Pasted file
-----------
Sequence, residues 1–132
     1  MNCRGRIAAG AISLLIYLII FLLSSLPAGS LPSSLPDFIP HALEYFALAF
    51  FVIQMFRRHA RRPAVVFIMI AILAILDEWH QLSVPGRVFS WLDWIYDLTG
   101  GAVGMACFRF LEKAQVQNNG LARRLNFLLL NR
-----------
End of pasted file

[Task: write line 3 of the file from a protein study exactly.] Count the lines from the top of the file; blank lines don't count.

    51  FVIQMFRRHA RRPAVVFIMI AILAILDEWH QLSVPGRVFS WLDWIYDLTG